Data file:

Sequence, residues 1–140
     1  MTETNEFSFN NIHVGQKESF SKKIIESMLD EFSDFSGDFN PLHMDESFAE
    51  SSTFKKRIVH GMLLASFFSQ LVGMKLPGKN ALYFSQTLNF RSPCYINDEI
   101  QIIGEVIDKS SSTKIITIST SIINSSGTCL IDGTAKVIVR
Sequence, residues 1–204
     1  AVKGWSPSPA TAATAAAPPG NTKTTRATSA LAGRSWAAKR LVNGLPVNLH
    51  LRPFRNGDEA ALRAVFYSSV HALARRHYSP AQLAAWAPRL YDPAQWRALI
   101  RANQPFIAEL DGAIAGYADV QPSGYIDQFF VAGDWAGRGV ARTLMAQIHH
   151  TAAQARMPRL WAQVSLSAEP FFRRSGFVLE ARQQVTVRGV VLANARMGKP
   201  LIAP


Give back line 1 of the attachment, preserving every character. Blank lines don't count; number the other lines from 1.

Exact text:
Sequence, residues 1–140